Coeliac disease, social media and health; rewriting the city landscape with health knowledge
Principal Investigator: Sam Martin, PhD researcher
Institution: Centre of Interdisciplinary Methodologies, University of Warwick
Research classification: Management of coeliac disease
Project start & duration: Oct 2013 (36 months)
Grant awarded: PhD Fellowship
Once diagnosed with coeliac disease, some individuals can find management of the condition and strict adherence to the gluten-free diet to be quite challenging.
This project will use ‘Big Data’ mining techniques to reveal social media networks of people with coeliac disease, who are proactive in sharing information about managing the gluten-free diet and how to alleviate ongoing symptoms.
A comparative analysis will be carried out to explore how people diagnosed with coeliac disease use social media in the cities of London and New York to visualise knowledge creation, risk aversion and food seeking behavior of people diagnosed with coeliac disease.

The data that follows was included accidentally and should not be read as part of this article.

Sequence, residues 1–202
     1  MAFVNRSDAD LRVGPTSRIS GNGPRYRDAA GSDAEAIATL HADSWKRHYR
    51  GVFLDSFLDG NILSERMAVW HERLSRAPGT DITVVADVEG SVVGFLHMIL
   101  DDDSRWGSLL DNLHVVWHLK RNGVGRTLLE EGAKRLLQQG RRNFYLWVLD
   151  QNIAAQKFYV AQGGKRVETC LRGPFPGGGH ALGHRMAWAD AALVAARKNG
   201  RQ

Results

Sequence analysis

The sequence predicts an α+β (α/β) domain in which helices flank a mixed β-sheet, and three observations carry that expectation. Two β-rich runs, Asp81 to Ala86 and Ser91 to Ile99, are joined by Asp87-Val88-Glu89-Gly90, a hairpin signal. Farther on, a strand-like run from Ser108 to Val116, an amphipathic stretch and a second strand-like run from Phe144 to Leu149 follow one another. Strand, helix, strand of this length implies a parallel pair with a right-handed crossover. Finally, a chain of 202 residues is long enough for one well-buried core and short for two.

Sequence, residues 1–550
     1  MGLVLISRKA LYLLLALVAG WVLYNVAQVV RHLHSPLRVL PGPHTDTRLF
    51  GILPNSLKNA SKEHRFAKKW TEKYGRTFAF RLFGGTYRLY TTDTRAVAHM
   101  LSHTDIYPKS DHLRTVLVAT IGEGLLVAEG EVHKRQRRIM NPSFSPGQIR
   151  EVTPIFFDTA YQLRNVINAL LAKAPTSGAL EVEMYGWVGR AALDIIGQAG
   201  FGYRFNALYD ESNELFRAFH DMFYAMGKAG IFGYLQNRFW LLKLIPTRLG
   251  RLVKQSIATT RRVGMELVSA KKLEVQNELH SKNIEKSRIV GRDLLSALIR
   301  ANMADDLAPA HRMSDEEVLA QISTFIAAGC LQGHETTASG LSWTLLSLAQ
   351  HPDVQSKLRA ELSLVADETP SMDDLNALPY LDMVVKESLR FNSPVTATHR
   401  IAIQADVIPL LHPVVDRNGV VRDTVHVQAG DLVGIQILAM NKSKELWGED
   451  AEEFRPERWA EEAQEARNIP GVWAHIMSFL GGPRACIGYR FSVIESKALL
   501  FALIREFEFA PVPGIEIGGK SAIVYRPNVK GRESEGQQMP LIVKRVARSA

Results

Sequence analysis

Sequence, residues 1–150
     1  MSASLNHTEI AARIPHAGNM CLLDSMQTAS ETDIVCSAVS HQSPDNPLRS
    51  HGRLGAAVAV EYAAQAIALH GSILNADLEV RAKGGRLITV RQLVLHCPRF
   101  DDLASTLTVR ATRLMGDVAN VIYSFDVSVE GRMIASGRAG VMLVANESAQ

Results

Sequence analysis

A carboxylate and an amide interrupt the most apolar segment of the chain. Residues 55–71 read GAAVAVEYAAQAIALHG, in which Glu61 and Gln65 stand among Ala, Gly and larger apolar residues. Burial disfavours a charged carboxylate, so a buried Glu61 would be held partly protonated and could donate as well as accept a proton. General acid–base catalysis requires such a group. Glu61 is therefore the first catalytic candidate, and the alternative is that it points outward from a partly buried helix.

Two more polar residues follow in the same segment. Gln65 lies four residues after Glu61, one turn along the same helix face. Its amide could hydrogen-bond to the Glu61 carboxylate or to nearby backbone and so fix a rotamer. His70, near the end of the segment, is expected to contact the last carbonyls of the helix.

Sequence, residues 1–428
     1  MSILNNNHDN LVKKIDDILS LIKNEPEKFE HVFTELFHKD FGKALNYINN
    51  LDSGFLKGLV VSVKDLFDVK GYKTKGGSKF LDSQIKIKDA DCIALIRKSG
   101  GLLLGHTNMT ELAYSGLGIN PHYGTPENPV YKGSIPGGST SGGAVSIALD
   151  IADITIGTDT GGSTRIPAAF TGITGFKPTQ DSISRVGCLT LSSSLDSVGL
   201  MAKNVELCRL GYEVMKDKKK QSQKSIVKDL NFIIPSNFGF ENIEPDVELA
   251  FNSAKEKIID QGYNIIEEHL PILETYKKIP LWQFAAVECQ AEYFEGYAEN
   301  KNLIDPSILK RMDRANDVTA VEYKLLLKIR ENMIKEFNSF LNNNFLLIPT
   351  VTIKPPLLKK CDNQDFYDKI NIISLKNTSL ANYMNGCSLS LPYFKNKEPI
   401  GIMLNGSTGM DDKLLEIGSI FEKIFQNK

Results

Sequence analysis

An additional aim of the project is to find innovative ways to use the ‘Big Data’ as an interactive learning tool, that may help both diagnosed and newly diagnosed people with coeliac disease.
Research from 2012 found that while there were many avenues for people to seek knowledge and support for managing chronic illness, there were very few places where people with a long term condition could have the opportunity to tell their story and visualise their experience.
Today there are many smartphone photo apps like Instagram, where users can add filters to images before posting them on social media but there is a lack of image based apps with the option to share photos in relation to long term conditions or special diets, such as the gluten-free diet for coeliac disease.
To help fill the void, this project will include development of a pilot smartphone app to further explore how visual apps may help people with coeliac disease. Individuals will be able to use themed stickers and filters to tag photos of food and daily experiences. The images of the experience of living with a long term condition can then be communicated via social media.
It is hoped that the information gained from this project will provide a better understanding of how people with coeliac disease use social media and other technologies to self manage, learn and share knowledge about their condition. Also how this can be used to develop enhanced tools for self management.